Square One Theatre Company in Stratford not only closes its 25th season with The Winslow Boy, it finishes out its tenure at the Scottish Rite Building Corporation. A new chapter for this Stratford-based theater will begin at a new location during its 26th season. In the pre-curtain talk, Square One’s general manager Richard Pheneger announced that the new location has not yet been determined. As soon as it is decided, theater-goers and subscribers as well as Hersam Acorn readers will be notified.

Tom Holehan’s selection of this period play is in keeping with the theater’s looking back at its rich history. The play written by Sir Terence Rattigan is based on a true event in which a young boy at a prestigious school is accused of stealing and expelled. In order to save the reputation of the family and its name, the boy’s father seeks justice through the courts. The price of doing so takes a toll on the family, not only financially and socially, but emotionally as well. As the Winslow boy’s case proceeds over the course of two years, the strain on family relationships becomes obvious.

The action takes place in a single setting, the drawing room of an English home two years before World War II. Sam Noccioli takes on the title role as Ronnie, the young Winslow boy. Lucy Babbitt steps into the role of the housekeeper, a pleasant busy body who has an easy and unexpected way of delivering difficult news that other characters agonize about delivering. Babbitt has so much theater experience not only from performing at Square One and other area theaters, but also from The Players at Putney Gardens. She is comfortable and confident on any stage and in just about any character, even though she does seem a bit rushed here.

Bruce Murray plays the dominant father figure in the play and the head of his family, Arthur Winslow. Murray’s performance is consistently strong whether he is on his feet, using a cane or in a wheel chair. Ann Kinner’s performance as Arthur’s wife and Ronnie’s mother is problematic. Kinner has an excellent reputation as a local actress, but in this role she makes her character look continually forlorn to the point of suffering. A smile now and then would seem more realistic.

Ryan Henderson as Ronnie’s older brother Dickie does a fine job as the older brother who unwillingly gets his education cut short in order to help defray legal expenses for his younger brother. Tess Brown as smart and marriage-eligible daughter Catherine delivers a fine performance, which would have been enhanced if she had not been quite so soft spoken. David Victor steps into the role of rejected suitor with all the qualities of a man stuck in unrequited love. Jim Buffone plays Tess’s fiancée whose family cannot abide the publicity the Winslow boy is receiving. Buffone has just enough arrogance to make the audience happy that he bows out of the marriage. Sir Robert Morton is the hero and Joseph Maker plays the role dashingly.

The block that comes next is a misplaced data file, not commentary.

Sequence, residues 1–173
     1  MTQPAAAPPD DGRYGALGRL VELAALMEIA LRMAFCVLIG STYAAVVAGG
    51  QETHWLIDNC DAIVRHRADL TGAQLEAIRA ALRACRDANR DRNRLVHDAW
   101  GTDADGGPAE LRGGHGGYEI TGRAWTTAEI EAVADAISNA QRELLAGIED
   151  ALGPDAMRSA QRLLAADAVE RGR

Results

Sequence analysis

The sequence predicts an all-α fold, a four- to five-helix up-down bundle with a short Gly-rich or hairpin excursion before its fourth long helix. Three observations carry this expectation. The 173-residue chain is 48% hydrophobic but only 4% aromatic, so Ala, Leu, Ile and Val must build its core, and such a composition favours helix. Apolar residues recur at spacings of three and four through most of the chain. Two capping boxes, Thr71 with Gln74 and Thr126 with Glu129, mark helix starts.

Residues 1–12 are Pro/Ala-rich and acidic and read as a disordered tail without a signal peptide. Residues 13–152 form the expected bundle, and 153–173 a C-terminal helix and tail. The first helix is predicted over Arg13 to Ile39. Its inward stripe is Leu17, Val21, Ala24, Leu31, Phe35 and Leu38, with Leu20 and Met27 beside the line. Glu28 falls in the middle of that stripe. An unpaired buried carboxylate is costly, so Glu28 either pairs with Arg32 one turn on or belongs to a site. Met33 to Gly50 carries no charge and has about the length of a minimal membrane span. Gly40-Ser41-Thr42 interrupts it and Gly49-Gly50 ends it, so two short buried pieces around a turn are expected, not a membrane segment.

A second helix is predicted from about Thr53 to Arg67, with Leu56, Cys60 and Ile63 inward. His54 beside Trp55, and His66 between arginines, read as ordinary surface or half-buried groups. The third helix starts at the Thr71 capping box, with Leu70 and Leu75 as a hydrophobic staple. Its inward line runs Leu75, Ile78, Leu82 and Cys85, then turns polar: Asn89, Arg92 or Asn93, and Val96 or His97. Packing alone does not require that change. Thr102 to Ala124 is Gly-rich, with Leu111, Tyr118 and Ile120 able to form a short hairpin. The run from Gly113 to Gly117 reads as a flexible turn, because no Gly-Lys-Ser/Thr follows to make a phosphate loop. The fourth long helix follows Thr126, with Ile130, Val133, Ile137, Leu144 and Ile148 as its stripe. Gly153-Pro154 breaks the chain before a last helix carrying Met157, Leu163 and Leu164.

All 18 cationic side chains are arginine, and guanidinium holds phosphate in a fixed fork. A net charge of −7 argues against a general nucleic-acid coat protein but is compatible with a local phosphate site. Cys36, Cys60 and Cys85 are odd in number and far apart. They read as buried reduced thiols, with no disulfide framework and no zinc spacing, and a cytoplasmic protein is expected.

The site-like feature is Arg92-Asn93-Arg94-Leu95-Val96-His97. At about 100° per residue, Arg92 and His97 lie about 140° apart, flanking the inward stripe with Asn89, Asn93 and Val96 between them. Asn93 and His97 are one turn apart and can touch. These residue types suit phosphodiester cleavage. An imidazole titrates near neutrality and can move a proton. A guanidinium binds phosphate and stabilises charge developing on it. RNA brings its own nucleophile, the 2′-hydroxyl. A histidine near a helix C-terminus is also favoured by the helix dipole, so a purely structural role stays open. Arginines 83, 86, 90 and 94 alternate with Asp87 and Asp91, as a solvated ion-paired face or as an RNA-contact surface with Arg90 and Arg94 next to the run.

While the actors step into their roles well enough, they don’t really connect to one another. There’s a sense of artificiality about their relationships. Even though they are terribly English and awfully proper, one would never suspect any of them to be related or any of the suitors to be in love with anyone. And that’s really impossible to hide even if you are thoroughbred English. This is a surprising state of affairs since the production is directed by Tom Holehan, who usually manages to bring together casts that meld naturally and tightly together.

Greg Fairbend and Robert Mastroni’s scenery is picture-perfect for this period piece. The Victrola was the icing on the cake. Clifford Fava’s lighting worked well and Don Henault’s sound effects were fine, though I think the microphones on stage did not capture some of the softer voices of the actors.

The Winslow Boy plays through May 30. Box office:203-375-8778.

Joanne Greco Rochman is an active member in The American Theatre Critics Association. She welcomes comments. Contact: jgrochman@gmail.com